HOLMES: You're hearing about a lot of casualties? A lot of damage?

DELUCE (PH): A lot of damage. And apparently, the ministry of commerce has collapsed completely. And people are crying. The streets are damaged. It's a lot of chaos.

HOLMES: We're hearing about a lot of people trapped, as well, Anderson.

Now Natalia (ph) here on our desk has got a great shot. Come in, Jeff. This is the palace. This is like the White House of Haiti. This is the before. Have a look at this one. It just came in on Twitpic, a social media thing.

Let's click across there, Natalia (ph), to the after. The -- there are a lot of social media stuff coming in. Look at this. Look at the damage that's been done. It's destroyed. It's pretty much collapsed from the top down.

As I say, social media playing a big role here. Facebook was the first place we got pictures.

Tyson Weekly (ph) is our iReport producer. Tyson, fill us in on what you've been getting?

TYSON WEEKLY (PH), CNN IREPORT PRODUCER: Well, we've been monitoring iReport all night. Whenever we get an iReport we make every effort to reach out to the submitter and try to get as much information as we can. Communication has been really tough, though, tonight.

These are some image that come to us from Phyllis Bass (ph). She's been working at a medical clinic, and these are some -- actually, some pretty graphic images that she's sharing to us from the situation there. She's been communicating back to her family in the states via text messaging.

These are from Jonathan de la Durante (ph). He's also -- he's an American doing missionary work there. He shared these images just north of Port-au-Prince in an area called Croix de Bouquets. You can see here, lots of damage there. You know, these are the types of stories that are helping us understand what's happening there.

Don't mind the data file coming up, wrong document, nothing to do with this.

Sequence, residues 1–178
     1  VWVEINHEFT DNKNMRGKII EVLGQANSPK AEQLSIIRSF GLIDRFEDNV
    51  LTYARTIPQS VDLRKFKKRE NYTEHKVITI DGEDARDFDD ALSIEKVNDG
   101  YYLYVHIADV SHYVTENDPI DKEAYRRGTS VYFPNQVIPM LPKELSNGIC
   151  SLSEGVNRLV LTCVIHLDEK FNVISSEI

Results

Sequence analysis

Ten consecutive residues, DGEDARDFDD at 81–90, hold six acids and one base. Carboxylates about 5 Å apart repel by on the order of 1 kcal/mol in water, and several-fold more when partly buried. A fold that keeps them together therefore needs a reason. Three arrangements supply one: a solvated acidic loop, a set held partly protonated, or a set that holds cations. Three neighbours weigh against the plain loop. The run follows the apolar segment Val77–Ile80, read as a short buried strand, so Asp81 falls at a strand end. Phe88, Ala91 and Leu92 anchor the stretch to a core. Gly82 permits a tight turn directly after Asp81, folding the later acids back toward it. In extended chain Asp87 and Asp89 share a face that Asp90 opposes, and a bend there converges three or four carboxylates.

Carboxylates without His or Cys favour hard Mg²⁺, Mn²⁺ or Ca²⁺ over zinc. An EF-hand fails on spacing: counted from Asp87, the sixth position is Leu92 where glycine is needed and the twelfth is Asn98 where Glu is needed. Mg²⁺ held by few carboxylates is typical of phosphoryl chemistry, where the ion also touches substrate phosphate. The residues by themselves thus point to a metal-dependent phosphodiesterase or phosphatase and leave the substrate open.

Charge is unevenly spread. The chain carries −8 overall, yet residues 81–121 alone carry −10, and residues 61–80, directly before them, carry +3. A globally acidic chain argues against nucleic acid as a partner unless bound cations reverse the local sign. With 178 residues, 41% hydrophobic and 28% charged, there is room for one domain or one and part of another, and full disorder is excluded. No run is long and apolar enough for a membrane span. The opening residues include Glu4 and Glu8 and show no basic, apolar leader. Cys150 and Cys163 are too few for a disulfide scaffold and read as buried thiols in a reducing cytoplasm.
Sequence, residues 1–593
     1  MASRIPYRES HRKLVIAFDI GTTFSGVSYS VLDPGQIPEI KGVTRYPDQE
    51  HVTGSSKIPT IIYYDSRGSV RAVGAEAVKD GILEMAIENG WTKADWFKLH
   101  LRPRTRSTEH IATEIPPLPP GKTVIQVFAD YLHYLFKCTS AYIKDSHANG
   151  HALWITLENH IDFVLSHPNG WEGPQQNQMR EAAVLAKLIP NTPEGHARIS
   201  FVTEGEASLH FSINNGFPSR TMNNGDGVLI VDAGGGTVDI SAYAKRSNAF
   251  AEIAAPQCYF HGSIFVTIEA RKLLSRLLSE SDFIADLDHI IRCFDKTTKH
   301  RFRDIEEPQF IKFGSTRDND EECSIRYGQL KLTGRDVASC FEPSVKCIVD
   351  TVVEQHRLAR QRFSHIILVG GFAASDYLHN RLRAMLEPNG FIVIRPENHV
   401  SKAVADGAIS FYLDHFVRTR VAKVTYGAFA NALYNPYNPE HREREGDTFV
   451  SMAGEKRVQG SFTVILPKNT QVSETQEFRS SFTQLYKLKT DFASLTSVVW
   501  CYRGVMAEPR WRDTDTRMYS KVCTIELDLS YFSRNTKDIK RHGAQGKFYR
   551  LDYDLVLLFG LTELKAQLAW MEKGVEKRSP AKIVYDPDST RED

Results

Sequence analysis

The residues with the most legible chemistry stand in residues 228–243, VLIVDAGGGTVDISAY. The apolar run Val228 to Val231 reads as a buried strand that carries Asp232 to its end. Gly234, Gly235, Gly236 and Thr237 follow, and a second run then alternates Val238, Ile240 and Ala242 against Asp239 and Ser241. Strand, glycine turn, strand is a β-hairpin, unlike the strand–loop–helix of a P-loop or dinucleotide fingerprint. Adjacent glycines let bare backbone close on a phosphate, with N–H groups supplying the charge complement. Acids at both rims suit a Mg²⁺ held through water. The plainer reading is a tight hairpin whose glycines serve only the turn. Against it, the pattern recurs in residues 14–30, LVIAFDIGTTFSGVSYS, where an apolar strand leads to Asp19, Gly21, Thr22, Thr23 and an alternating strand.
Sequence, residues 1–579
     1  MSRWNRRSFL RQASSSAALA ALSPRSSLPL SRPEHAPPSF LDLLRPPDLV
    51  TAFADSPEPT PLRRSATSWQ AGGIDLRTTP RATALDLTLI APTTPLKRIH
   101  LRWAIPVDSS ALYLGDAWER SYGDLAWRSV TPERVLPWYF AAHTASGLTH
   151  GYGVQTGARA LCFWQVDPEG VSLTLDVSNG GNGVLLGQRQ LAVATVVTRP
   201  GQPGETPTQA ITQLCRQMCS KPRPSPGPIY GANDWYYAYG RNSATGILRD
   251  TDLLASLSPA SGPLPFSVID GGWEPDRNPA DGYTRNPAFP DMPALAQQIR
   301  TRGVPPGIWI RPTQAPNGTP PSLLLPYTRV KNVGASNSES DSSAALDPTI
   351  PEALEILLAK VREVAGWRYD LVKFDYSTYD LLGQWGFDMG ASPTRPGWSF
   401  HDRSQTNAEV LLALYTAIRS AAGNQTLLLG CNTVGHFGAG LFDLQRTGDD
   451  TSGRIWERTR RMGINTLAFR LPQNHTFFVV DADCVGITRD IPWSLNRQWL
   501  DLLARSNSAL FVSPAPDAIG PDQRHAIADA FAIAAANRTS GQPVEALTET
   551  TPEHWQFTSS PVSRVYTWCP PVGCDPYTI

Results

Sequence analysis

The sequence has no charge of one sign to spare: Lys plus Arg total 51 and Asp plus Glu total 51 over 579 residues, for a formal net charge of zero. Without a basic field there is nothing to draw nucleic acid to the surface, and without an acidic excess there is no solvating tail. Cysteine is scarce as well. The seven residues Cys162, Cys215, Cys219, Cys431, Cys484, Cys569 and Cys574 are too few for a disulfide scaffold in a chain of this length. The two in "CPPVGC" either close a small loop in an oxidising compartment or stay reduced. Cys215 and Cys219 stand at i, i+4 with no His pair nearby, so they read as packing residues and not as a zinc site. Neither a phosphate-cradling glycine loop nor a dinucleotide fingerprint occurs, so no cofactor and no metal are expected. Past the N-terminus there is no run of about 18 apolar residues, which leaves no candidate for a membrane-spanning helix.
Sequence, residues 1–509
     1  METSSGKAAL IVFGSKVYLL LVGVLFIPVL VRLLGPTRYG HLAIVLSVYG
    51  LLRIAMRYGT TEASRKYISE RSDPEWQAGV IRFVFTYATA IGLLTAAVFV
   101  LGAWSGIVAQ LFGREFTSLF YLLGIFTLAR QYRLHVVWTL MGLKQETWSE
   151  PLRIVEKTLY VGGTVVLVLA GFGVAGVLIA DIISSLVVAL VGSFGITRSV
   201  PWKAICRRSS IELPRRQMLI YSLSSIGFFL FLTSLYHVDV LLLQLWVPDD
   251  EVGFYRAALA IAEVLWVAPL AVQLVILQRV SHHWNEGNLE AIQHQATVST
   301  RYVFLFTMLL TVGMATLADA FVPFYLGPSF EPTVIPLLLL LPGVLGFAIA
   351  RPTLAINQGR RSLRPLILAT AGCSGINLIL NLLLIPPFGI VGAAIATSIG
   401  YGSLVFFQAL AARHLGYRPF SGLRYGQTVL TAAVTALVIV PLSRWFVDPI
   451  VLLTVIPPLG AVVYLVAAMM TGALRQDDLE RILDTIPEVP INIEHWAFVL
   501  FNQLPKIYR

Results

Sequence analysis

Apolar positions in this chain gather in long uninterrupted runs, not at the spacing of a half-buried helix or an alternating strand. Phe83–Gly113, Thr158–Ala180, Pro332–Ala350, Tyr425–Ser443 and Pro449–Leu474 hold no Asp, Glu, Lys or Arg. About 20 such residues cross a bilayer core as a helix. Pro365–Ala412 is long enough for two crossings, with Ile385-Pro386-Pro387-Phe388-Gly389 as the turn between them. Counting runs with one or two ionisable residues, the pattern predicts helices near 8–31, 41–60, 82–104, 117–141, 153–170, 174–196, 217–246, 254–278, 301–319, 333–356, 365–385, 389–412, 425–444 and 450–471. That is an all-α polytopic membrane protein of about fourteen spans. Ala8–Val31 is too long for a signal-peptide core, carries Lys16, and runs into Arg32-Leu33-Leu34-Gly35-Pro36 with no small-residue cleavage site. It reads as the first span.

HOLMES: We've got people working all through the night here, Anderson, getting this stuff. But it is interesting, again, seeing social media play a role. Same as we saw...

COOPER: Yes.

HOLMES: ... with developments in Iran and things like that. First pictures we saw were over here on a Facebook page, and we ended up getting that guy, his Facebook, the guy whose page it was, and got him on Skype for an interview. So it's all about the new technology, isn't it?

COOPER: Michael, going to be a long night for the folks at the Haiti desk. We appreciate all your hard work tonight. If you're curious about who we're following on Twitter about the story, you can logon to our Haiti Twitter list at Twitter.com/CNNbrk/Haiti. There you can see the tweets coming from the White House, the Red Cross, our CNN team of reporters, also people on the ground.